Saturday, March 8, 2014

Chlorine: Movie Review


Materialistic characters get tangled up in a plot which doesn’t deliver any twists.
“Chlorine” takes place in a New England country club where people search for the “perfect” life. The mother, Georgie (Kyra Sedgwick), wants more money; the father, Roger (Vincent D’Onofrio), wants to be respected; son Henry wants to find a purpose in life; and daughter Cynthia is becoming a woman whether she wants to or not. There’s also a business guy who also wants money, a tennis instructor who wants cocaine and money, and blonde girls (of which there are too many to distinguish) who want sex. 2013

Directed by: Jay Alaimo

Screenplay by: Jay Alaimo, Matt Fiorello
Story by: Peter Tannenbaum

Starring: Kyra Sedgwick, Flora Cross, Vincent D'Onofrio

Photos courtesy of Gravitas Ventures.
The film opens with Cynthia getting her period at a swim meet, and then being welcomed into womanhood by the swim instructor. All of the characters, even the peripheral ones, were well acted and suggested that we want to get to know them. The swim instructor was probably one of the best characters because she didn’t want anything in particular and wasn’t particularly unhappy. But when we recap what all of the other characters wanted: money, sex, respect and more money and cocaine — it becomes pretty clear that not much good is going to come from getting to know them.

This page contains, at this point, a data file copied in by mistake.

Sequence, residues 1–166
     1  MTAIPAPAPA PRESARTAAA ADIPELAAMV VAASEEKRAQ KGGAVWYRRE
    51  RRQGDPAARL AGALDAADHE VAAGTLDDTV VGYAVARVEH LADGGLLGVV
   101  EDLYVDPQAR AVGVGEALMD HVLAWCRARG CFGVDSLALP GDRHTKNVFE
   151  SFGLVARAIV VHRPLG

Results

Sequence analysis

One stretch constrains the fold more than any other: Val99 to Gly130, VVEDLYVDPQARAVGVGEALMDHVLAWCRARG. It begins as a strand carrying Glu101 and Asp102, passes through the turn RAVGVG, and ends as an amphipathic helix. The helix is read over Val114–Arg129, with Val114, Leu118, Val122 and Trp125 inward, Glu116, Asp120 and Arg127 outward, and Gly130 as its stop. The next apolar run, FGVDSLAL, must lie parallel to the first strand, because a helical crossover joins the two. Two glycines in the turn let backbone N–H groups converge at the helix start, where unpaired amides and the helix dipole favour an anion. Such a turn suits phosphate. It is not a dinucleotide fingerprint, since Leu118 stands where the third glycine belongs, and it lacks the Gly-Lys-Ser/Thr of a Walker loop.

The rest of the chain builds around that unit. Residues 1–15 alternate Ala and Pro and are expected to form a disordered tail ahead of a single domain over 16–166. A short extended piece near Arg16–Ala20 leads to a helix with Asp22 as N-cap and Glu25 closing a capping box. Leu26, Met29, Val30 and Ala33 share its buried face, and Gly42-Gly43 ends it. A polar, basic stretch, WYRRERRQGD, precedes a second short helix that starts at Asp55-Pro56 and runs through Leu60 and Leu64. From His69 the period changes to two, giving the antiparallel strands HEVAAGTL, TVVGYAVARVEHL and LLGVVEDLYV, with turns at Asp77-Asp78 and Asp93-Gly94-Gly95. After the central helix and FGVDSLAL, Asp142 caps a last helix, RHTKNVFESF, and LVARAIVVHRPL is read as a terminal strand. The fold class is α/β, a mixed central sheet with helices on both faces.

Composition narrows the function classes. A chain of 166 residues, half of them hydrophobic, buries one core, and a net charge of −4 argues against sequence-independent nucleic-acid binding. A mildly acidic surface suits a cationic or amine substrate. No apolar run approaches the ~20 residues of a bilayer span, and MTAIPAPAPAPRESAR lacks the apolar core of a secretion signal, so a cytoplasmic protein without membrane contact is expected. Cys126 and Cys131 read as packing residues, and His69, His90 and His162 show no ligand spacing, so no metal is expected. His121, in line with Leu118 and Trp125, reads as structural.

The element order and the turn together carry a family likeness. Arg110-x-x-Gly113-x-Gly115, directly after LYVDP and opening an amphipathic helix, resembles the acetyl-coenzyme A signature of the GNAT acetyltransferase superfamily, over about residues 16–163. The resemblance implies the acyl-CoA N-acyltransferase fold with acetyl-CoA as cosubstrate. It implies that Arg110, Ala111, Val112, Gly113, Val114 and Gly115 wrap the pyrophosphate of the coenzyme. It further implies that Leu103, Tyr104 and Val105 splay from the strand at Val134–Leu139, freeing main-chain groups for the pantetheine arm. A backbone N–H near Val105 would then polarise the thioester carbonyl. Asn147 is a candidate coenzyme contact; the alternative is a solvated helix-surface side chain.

The main characters that didn’t want anything material were pretty good too. D’Onofrio played a great middle-aged man approaching a mid-life crisis, but really his wife was creating a mid-life crisis for him. I never could get a handle on Henry but at least he didn’t like the country club world. The plot, as it finally develops around half-way into the movie, was very obvious and predictable. It wouldn’t be so bad if you could form a connection to the characters.

Other than the writing of annoying characters, one of the bigger mistakes is actually a casting one. 20-year-old Flora Cross plays 14-year-old Cynthia, and she doesn’t look or act like a 14-year-old at all. First crush jitters don’t look natural. Apart from that, her coming-of-age story was handled well enough. Henry’s coming-of-age story was probably even better, but I can’t guess what age he was supposed to be.

“Chlorine” starts with the very indie feel of shaky, close-up shots, but that gradually fades out as we get to know the community it’s set at. The off-beat score was a good back-drop for the impending mystery-like plot, it just should have been much more interesting. The film also fails when it claims to deliver a twist – a character actually says “it’s not what you expect”, and then it’s exactly what was expected. Twists work better if there actually is one. Characters also work better when they want something more than money, sex, respect and more money and cocaine.

Similar Titles:

The Joneses (2009) - A thoughtful and original twist on keeping up with the Joneses.